The first operators of miniature nuclear reactors described their job as "tickling the tail of a sleeping dragon” because of the danger involved with unlocking the energy in atoms.

Those units built more than a half century ago in the U.S. and Europe generated bursts of heat within fractions of a second so that scientists could gauge nuclear reactions, sometimes with deadly consequences. Bearing names like Godiva, Viper and Super Kukla, the reactors never fed electricity grids. Instead, they produced research useful to nuclear weapons programs and eventually utilities. Modern reactors are gigantic by comparison, able to power more than 1.5 million homes each.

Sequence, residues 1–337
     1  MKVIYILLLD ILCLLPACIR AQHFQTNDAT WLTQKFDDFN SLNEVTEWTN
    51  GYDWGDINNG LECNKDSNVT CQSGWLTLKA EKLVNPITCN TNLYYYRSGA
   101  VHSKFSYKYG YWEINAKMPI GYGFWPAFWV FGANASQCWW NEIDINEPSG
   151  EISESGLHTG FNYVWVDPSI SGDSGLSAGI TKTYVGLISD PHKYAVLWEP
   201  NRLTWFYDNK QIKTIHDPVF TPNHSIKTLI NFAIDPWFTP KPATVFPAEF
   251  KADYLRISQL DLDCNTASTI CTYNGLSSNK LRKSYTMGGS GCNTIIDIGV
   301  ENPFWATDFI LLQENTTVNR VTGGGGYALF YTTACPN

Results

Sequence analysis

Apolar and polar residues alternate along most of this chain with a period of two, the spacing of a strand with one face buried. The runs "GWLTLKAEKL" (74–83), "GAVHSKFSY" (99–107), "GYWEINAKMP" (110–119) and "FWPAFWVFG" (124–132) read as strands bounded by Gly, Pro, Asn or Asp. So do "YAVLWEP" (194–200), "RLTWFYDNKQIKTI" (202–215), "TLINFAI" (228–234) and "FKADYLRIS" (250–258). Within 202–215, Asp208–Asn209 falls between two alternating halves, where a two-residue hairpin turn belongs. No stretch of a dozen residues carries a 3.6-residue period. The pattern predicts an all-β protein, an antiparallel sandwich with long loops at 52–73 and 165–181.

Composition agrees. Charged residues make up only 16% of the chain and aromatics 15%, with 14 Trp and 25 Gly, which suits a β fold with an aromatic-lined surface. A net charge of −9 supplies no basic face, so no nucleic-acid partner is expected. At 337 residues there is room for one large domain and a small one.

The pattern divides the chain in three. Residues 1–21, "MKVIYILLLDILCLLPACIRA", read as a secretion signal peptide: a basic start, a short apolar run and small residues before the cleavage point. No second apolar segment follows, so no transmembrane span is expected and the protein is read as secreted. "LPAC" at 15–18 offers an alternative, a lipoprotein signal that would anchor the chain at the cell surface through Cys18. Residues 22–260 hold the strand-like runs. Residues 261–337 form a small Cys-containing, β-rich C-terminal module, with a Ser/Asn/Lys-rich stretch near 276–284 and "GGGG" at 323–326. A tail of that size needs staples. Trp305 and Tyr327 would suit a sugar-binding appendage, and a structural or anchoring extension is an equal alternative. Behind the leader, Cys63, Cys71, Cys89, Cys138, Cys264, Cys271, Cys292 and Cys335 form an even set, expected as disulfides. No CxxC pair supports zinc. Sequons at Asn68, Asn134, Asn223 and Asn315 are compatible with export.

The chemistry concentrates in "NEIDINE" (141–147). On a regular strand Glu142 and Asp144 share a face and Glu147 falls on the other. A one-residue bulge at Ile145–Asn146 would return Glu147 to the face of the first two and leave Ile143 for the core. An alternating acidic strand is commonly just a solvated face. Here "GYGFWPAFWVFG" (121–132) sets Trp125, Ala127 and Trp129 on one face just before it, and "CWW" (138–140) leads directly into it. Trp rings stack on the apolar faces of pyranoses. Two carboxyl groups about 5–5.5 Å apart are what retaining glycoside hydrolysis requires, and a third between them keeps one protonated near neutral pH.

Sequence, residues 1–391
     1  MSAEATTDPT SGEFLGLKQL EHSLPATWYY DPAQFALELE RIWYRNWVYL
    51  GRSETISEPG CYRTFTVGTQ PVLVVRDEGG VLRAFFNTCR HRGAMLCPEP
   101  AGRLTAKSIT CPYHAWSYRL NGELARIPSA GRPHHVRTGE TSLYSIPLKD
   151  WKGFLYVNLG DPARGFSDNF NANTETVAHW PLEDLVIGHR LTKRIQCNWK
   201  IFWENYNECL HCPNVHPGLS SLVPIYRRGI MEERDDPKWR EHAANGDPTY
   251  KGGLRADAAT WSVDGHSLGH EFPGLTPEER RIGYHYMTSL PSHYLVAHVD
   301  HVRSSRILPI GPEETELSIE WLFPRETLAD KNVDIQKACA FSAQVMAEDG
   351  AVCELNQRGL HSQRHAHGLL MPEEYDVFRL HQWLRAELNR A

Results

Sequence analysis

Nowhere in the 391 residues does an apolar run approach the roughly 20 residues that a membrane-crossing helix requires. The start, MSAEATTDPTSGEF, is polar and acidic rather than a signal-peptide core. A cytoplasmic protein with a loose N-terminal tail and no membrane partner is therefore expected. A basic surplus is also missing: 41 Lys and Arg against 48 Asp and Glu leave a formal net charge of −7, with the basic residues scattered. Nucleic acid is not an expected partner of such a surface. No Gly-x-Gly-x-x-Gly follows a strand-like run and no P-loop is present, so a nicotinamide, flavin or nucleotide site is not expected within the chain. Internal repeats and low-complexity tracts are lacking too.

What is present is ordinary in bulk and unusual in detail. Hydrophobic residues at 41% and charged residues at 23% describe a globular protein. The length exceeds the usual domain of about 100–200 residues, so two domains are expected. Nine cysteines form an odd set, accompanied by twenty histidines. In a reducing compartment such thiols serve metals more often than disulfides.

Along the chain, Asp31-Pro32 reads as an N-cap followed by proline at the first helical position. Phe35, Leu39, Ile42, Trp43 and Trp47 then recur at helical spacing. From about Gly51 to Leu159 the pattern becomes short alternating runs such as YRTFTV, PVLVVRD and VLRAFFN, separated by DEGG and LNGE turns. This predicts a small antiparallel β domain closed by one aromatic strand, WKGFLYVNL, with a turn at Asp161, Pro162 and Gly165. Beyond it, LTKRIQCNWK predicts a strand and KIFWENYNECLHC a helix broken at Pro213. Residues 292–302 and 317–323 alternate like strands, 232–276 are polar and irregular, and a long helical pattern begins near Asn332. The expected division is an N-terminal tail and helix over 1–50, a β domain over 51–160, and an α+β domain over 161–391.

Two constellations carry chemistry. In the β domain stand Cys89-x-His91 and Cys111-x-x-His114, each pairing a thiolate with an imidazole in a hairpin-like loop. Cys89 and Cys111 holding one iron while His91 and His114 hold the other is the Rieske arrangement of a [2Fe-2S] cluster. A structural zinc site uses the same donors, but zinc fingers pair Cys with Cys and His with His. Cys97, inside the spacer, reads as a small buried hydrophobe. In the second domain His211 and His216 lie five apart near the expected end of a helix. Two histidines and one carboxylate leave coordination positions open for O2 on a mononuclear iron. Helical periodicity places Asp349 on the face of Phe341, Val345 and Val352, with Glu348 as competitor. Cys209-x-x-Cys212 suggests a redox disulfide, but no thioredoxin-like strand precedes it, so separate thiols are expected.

Today, the nuclear industry once again is thinking small, spurred on by politicians including U.S. President-elect Joe Biden and U.K. Prime Minister Boris Johnson. They’re looking to solve the next climate change challenge: how to feed pollution-free heat to industries that make steel, cement, glass and chemicals. Half of the world’s energy goes into making heat, and that produces two-fifths of the world’s carbon dioxide emissions, according to the International Energy Agency. Those industries sometimes need temperatures above 1,000 degrees Celsius (1,800 Fahrenheit) and more often than not burn fossil fuels to get there.